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GLI GLI Leeward Island Expedtion
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Daily reports from onboard GLI GLI

Download the GLI GLI Booklet

News Links from all over the Caribbean during the Expedition

The Caribs of the Islands by Neil Whitehead

Words of Support by Dr. Maximilian C. Forte

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May 13
Nevis to St. Barth
An early start for real this time. With help from one of our new support boats bigger dinghy we manage to clear Oualie beach before the sun came over Hurricane Hill. Gli Gli now heads a fleet. W sail off across the Narrows towards Boobie Rock, with good wind and racy seas. Our followers not too far behind, proceed with caution; there are lots of coral heads in this area. Soon we are clear of the shallows and Nevis starts to fade into the haze. We run the coast of St. Kitts, slowly pulling northward toward St Barth. It is during the next few hours that we have our roughest sail so far. There is a degree of tension on the boat. Mostly from disgruntlement at having to stop and wait for Fiddlers to catch up so our lunch can be delivered, it wasn’t ready before we left at dawn. It’s a practical stop but means we are washing around in some increasing swells.

After lunch the down wind run gets a bit nasty with some near-swampings. Nothing drastic, but a clear reminder that this is Gli Gli’s weakest point of sail. Chalo in his wisdom suggests we shorten sail by reefing in at the top of the Vegg (bamboo sprit). We down sail and tie the top clue lower. It’s the first time we have shortened sail this way and it makes a great difference. The height of the sprit is what makes the canoe roll so dangerously. Lowering it even just 3 feet, made everything much more manageable. Bravo Chalo.

St. Barth takes a long time to show itself. We spend the middle part of the crossing shooting film and stills off the Rush of Gli Gli and Fiddlers sailing together, some risky maneuvers moving thousands of dollars worth of camera gear between boats in big swells. There is a thick haze, coming from Africa, we find out later, not Montserrat as we thought. The seas do ease and we settle in to a hot, relaxed afternoon passage. Eventually reach the windward point of St Barth, were we catch our first Bonito of the trip. Again we must wait for Mumma as Fiddlers is called. This time to collect drums and our Carib girl crew for our arrival in Gustavia. As we glide down the coast of St Barth we are watched by flocks of Tropic birds, fittingly stylish birds for this sophisticated and elegant island.

We are soon accompanied by some other sailing dinghies, power boats, and kayaks that delight in guiding us in to the significant crowd that awaits us on the cay side in front of the Hotel de Ville. Lulu and Jenny Magras our good friends are there as well as Raymond, Lulus brother and Daniel Blanchard our official host (two ex-mayors!) and the current mayor. Basically all the dignitaries of St Barth!! It was a relief to be on land after a long day in hot sun. Creole ce langaj ici. So conversation is lively and the Gli Gli crew happy to be amongst friendly tongues. We are given an informal reception, under tents set up by Club UNESCO. The Mayor greets us and drinks are served. Daniel briefs us on the plan. He has arranged accommodation at the municipal visitors lodge in L’orient and has been kind enough to hire a mini van for our transportation. We are all fairly wiped out so the Carib crew and a few support crew all head for our well appointed accommodation. Bunk beds, showers, a fridge full of drinks and take away pizza. Fiddlers spends a rolling night on the water front, Gli Gli tied alongside, catching the attention of the promenading crowd until late in the night.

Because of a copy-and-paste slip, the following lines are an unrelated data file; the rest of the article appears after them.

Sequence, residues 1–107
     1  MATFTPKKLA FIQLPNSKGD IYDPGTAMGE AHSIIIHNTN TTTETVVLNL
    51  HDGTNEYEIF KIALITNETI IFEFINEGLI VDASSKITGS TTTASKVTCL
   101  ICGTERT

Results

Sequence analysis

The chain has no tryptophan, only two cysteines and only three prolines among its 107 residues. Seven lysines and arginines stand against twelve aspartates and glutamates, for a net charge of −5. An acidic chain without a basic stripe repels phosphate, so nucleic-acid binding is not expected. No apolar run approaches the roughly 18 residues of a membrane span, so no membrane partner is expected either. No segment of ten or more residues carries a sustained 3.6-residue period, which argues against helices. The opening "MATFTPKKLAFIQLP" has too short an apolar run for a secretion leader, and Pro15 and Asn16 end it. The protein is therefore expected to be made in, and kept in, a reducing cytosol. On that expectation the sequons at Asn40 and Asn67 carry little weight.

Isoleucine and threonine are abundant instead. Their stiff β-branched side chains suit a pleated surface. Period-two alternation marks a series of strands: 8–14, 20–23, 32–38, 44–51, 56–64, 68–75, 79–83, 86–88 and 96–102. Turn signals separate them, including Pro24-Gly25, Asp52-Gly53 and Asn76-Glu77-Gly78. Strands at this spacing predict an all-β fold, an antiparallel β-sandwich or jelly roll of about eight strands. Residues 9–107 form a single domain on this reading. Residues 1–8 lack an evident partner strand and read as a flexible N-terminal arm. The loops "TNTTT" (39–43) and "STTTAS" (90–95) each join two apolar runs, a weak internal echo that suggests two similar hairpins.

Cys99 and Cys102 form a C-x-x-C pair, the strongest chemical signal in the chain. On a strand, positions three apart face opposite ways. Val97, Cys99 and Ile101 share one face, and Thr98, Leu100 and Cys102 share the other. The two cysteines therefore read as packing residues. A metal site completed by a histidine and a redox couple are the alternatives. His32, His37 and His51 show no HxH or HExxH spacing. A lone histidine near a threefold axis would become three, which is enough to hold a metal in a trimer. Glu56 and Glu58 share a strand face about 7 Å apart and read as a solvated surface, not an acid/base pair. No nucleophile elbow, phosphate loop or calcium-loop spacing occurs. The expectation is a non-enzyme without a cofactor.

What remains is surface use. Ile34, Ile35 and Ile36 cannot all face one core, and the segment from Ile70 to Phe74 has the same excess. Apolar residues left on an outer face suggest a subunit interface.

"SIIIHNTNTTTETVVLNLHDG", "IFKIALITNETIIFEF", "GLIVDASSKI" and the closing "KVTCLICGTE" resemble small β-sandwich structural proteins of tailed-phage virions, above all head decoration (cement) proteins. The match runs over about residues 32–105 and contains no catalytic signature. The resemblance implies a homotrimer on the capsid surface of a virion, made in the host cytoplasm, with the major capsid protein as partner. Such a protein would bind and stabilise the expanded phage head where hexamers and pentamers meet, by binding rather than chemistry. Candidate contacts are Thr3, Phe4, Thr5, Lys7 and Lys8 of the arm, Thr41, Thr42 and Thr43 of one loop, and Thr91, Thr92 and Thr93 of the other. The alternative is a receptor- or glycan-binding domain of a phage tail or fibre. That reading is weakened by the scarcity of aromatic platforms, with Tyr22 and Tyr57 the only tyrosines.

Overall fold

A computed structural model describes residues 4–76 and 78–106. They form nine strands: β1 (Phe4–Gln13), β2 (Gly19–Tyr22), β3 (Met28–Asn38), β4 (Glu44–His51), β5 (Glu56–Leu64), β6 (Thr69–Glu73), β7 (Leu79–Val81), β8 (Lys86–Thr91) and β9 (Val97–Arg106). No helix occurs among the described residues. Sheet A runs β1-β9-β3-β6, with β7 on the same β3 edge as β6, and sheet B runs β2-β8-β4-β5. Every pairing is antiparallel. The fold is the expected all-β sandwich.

May 12
We get up early-ish to take advantage of the Saturday market. It is our last good chance to get fresh home grown food for a while. The fruits are in abundance and we even manage to get some of the federation’s famous Sarsaparilla drink. Our hosts have decided to come with us. Gli Gli’s magnetism takes effect again. Hazel Brooks from the St. Christopher Heritage Society and Greg of the Safari tours, both decide to take a trip on the Gli Gli. We had been blessed by Hazels hard work in coordinating our visit. She raised the people of St. Kitts to give us a great time in their country so it made perfect sense to give her a short but sweet sail in Gli Gli. Likewise for Greg, who has become a great new friend, with many shared interests in Caribbean cultural and historical issues.

We left around mid day tacking up towards the Nags Head. It was a hell of a beat, so after a while, for the sake of schedule we opted for a tow. Our plan was to stock up on fresh fish by diving off the Nag. A plan that didn’t come to much more than a few lobsters and some conch. A good size grouper broke my spear early on in the session. Oh well, enough food for our lunch on Gli Gli tomorrow.

A new twist to our adventure: our friends from Antigua, Phil and Julie on RUSH (Rest Until Something Happens!) have caught us up as planned, and have bought with them 2 other boats, with more good folk to join the expedition. A flotilla is formed and we head back to Oualie at sunset to prepare for the biggest crossing so far to St. Barth tomorrow.

Our friends at the Oulie beach resort, true to their word, arranged a spectacular performance of the traditional Nevisian dancers. A group of young men dressed to the max in bright costumes, flying ribbons, masks and massive peacock feather head dresses, performed to beat of the drum ancient dances that clearly mix pre-Columbian, African and European traditions. It was a fitting and fun send off to a very successful visit to the Federation.

May 11
Island Tour of St. Kitts